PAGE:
The 6-Gb/s transfer rate enables rock-solid enterprise-class performance at twice the throughput of today’s SAS or SATA environments. Higher throughput is always a desirable feature in any storage solution, but it is particularly important in enterprise data centres, where drives can be accessed repeatedly by multiple initiators. With double the transfer rate of its 3-Gb/s SAS predecessor, 6-Gb/s SAS delivers the speed necessary to keep up with the demands of high-traffic network storage environments.

Delivering performance that is competitive and significantly less expensive than FC storage solutions, 6-Gb/s SAS also offers a more

compelling performance/price value proposition than costly solid state drives (SSDs).

10-Metre Maximum Cable Length

A 10-metre maximum cable length extends connectivity by 66 per cent, supporting networked storage expansion beyond a single rack. 6-Gb/s SAS delivers a remarkable 100 per cent boost in transfer rate, while also enabling the use of longer connecting cables (up to 10 metres: an increase from the 6-metre cables supported by 3-Gb/s SAS). Achieving this improvement in throughput and maximum cable length required the use of decision feedback equalisation (DFE) technology.

DFE counteracts the signal attenuation effects that arise from greater cable lengths by de-emphasising lower frequency components at the transmitter and selectively boosting higher frequency components on the receiving end. This enables the use of 10-metre cables with no loss of signal integrity, while still maintaining compatibility with existing six-metre cables.

This 66 per cent increase in maximum cable length pays significant dividends in the data centre, enabling far greater flexibility in terms of wide-scale storage system deployment and installation. This cable extension provides the flexibility to expand your network-attached storage beyond the limits of a single rack, using a 10-metre cable while ensuring the integrity of the data.

Spread Spectrum Clocking

6-Gb/s SAS doubles the data frequency of 3-Gb/s SAS; this may result in a loss of cabinet shielding efficiency due to the shorter wavelengths of the signals.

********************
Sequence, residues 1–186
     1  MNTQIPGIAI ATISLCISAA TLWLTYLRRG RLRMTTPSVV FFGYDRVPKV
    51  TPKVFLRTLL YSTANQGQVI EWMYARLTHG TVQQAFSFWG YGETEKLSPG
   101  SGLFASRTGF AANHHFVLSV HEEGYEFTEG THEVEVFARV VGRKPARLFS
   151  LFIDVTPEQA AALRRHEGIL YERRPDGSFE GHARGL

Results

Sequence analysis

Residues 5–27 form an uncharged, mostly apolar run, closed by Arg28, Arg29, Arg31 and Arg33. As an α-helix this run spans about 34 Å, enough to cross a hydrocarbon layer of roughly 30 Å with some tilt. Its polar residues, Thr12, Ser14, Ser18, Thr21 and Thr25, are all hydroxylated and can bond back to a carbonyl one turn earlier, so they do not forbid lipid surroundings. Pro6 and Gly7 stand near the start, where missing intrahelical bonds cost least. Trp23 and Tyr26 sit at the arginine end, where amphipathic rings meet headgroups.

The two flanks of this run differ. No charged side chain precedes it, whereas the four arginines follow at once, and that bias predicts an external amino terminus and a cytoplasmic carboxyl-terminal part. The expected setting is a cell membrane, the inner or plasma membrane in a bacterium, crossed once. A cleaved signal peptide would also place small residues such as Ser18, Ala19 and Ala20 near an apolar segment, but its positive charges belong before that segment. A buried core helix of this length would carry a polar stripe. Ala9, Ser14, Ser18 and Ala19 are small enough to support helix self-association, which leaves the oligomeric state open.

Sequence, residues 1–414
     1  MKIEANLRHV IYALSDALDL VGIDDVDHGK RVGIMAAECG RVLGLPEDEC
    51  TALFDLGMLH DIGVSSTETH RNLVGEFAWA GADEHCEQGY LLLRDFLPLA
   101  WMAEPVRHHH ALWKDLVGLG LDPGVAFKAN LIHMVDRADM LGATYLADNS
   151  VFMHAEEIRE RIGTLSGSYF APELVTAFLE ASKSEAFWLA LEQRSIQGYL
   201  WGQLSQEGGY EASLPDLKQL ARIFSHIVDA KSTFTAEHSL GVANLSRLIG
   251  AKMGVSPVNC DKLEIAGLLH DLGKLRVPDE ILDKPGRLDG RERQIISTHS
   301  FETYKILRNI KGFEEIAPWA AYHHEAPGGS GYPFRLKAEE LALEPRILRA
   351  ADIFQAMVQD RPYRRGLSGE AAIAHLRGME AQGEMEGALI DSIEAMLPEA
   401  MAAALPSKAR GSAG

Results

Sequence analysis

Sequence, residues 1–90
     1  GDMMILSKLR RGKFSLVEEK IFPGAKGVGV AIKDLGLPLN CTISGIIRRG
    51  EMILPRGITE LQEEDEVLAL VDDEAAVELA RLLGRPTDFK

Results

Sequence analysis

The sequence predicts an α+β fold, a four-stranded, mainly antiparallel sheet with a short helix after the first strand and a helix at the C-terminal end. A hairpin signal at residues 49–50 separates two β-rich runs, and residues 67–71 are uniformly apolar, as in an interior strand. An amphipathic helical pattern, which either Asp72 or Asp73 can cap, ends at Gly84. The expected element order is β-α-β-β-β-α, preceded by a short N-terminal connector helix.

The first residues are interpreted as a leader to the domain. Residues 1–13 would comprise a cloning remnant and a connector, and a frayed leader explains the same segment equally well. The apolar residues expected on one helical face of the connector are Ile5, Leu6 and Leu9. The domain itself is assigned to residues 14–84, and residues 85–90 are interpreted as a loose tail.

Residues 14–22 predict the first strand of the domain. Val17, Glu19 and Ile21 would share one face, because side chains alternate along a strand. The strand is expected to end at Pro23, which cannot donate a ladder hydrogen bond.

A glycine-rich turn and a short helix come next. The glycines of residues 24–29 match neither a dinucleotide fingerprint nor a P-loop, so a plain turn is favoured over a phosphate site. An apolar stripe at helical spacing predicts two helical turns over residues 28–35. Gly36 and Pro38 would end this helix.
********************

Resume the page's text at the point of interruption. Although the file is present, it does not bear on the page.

To combat this change in frequency, 6-Gb/s SAS employs spread spectrum clocking (SSC), a slow-frequency (30–33 Khz) modulation of the data frequency. By reducing the peak values and spreading the radiated emissions over a broader range of frequencies, SSC helps to reduce EMI-related issues.

Simplified Connectivity

Simplified connectivity standardises on mini-SAS connectors for cost-effective SAS solutions. To simplify cabling options and to streamline integration, 6-Gb/s SAS eliminates the expensive InfiniBand-style (SFF-8470, Figure 3) connector

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Enterprise-optimised 6-Gb/s SAS

rivals Fibre Channel Performance

and Scalability at Lower Cost

AMERICAS Seagate Technology LLC 920 Disc Drive, Scotts Valley, California 95066, United States, +1 831 438 6550

ASIA/PACIFIC Seagate Singapore International Headquarters Pte. Ltd. 7000 Ang Mo Kio Avenue 5, Singapore 569877, +65 6485 38880

used by 3-Gb/s SAS and relies solely on the mini-SAS connector for both internal (SFF-8087) and external (SFF-8088, Figure 4) connectivity. Standardising on mini-SAS connectors is particularly appropriate for the data centre, where these connectors are becoming increasingly commonplace through their use on small form factor (SFF) 2.5-inch hard drives.

Investment Protection with Backwards Compatibility

Given the numerous technical advancements that the new SAS-2 specification incorporates, it may be surprising to learn that 6-Gb/s SAS maintains full 1.5-Gb/s and 3-Gb/s SAS/SATA compatibility. To further ensure seamless interoperability, existing SCSI software and middleware compatibility is also retained.

Such compatibility is key to ensuring that the enterprise’s current installed base of SAS storage solutions will continue to maintain its value as the transition to 6-Gb/s SAS gains momentum.

Conclusion

With growing pressure throughout data centres to cut spending while keeping pace with the inexorable demand for more storage capacity and speed, the steep cost and complexity of fibre channel solutions have become increasingly problematic. The arrival of 6-Gb/s SAS provides a compelling, cost-effective alternative, boasting performance and scalability that rivals fibre channel. 6-Gb/s SAS delivers a more economical and far simpler alternative to purchase, install and maintain for business sustainability.

Figure 3. Costly InfiniBand-style connector used by 3-Gb/s SAS

Figure 4. Compact, cost-effective, mini-SAS connectors used by 6-Gb/s SAS

Graphics copyrighted by SCSI Trade Association, courtesy of Molex. Graphics copyrighted by SCSI Trade Association, courtesy of Molex.